UK agrees joint sovereignty of Gibraltar

Ben Russell,Political Correspondent
Saturday 11 January 2014 02:42
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Jack Straw was accused of betraying the people of Gibraltar yesterday after announcing that Britain had reached "broad agreement" with Spain on a joint sovereignty deal.

The Foreign Secretary said talks with Spain on the future of the Rock had been put on hold until the autumn, but provoked fury by publicly conceding the principle of shared sovereignty. Mr Straw faced calls of "sell-out" and "shame" in the Commons as he made his surprise statement with just 27 MPs present, leading to claims he had "buried" the statement when most MPs were in their constituencies.

He insisted that the people of Gibraltar would have to agree any deal in a referendum. Officials said Britain would not relinquish control of its military base on Gibraltar and any deal must not be a stepping stone towards the eventual handover of the colony to Spain.

Mr Straw said: "In 12 months of negotiations we are now closer than ever before to overcoming 300 years of fraught history. A better future for Gibraltar, more stable, secure and prosperous, is too important to let slip."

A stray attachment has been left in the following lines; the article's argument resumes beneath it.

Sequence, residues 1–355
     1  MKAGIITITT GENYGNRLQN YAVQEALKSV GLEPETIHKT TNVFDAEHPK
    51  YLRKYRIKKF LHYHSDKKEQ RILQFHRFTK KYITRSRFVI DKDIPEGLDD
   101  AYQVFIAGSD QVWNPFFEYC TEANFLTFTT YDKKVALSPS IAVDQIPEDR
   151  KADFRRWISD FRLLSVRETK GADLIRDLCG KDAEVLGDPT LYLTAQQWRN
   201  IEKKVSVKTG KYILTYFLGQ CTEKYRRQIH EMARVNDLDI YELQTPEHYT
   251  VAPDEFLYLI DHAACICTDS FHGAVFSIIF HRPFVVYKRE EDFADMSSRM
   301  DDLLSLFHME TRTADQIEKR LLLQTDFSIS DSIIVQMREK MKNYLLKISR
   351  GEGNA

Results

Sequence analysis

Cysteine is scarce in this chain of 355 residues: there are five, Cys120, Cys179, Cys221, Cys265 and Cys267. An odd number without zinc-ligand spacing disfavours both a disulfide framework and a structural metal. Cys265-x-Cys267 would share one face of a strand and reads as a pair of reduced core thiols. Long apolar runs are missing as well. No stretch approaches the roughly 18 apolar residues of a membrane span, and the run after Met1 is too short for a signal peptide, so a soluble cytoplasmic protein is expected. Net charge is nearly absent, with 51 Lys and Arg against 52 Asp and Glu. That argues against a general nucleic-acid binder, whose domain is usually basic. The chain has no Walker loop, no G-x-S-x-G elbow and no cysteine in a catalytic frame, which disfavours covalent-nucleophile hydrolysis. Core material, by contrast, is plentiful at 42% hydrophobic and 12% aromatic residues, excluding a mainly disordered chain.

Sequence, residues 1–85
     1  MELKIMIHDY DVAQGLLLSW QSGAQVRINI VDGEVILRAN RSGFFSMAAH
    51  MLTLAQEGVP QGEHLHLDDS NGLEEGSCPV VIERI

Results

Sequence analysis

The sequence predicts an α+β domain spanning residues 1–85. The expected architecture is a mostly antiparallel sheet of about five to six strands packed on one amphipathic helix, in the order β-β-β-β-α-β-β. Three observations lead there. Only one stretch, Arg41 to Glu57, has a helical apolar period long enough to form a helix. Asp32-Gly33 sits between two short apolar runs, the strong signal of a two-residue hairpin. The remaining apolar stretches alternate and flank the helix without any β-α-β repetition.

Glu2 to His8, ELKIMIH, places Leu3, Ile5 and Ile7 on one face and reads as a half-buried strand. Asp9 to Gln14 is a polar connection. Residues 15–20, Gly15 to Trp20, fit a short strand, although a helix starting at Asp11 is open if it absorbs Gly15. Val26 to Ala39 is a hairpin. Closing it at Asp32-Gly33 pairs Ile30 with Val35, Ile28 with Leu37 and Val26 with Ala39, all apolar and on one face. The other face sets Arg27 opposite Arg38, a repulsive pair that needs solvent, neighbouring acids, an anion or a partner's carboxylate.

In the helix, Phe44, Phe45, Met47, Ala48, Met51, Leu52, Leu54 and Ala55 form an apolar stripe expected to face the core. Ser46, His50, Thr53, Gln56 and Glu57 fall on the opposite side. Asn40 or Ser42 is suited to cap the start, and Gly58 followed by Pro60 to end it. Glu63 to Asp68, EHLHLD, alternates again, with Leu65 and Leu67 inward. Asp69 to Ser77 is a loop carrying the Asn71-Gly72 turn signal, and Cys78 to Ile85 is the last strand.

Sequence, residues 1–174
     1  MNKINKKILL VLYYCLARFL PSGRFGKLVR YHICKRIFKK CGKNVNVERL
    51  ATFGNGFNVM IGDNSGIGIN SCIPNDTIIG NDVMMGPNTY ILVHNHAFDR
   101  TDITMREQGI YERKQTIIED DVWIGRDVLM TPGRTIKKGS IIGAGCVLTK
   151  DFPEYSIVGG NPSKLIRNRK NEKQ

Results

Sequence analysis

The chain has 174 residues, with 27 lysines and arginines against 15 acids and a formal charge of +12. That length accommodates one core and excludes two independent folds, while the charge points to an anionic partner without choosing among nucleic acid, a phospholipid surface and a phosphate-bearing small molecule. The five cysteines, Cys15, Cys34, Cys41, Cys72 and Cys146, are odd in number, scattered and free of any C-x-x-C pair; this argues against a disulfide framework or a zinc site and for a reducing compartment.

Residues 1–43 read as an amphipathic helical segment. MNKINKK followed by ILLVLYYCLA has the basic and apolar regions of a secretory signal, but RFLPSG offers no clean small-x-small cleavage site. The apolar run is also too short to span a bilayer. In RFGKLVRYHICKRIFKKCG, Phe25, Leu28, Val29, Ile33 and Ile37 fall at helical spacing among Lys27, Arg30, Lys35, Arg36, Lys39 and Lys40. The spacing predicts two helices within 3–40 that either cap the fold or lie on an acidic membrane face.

Foreign Office officials said any deal would include agreement from Spain to end its harassment of Gibraltarians. There was broad agreement on greater self-government, and offering residents British and Spanish citizenship.

Michael Ancram, the shadow Foreign Secretary, told MPs Mr Straw had "sold out" the colony. He said: "This is what we have feared has long been cooked up in the dishonourable talks which have taken place these last few months behind closed doors."

He told Mr Straw: "You have actually achieved the impossible: you have infuriated the people of Gibraltar, you have shamed yourself and your government and at the same time you have got nothing to show for it at all."

Peter Caruana, Gibraltar's First Minister, said: "This would be a betrayal of the right of the people of Gibraltar to decide their own future ... This will cause absolute consternation in Gibraltar and elsewhere." The senior Labour backbencher Gerald Kaufman said: "Just as this House would not accept the sell-out of the Falklands by the Tory government, so we will not accept the sell-out of Gibraltar by a Labour government."

Andrew Mackinlay, the Labour MP for Thurrock, said: "There is more likelihood of Dr Ian Paisley seeking election to the papacy than a Spanish foreign minister being able to agree in perpetuity to joint sovereignty."

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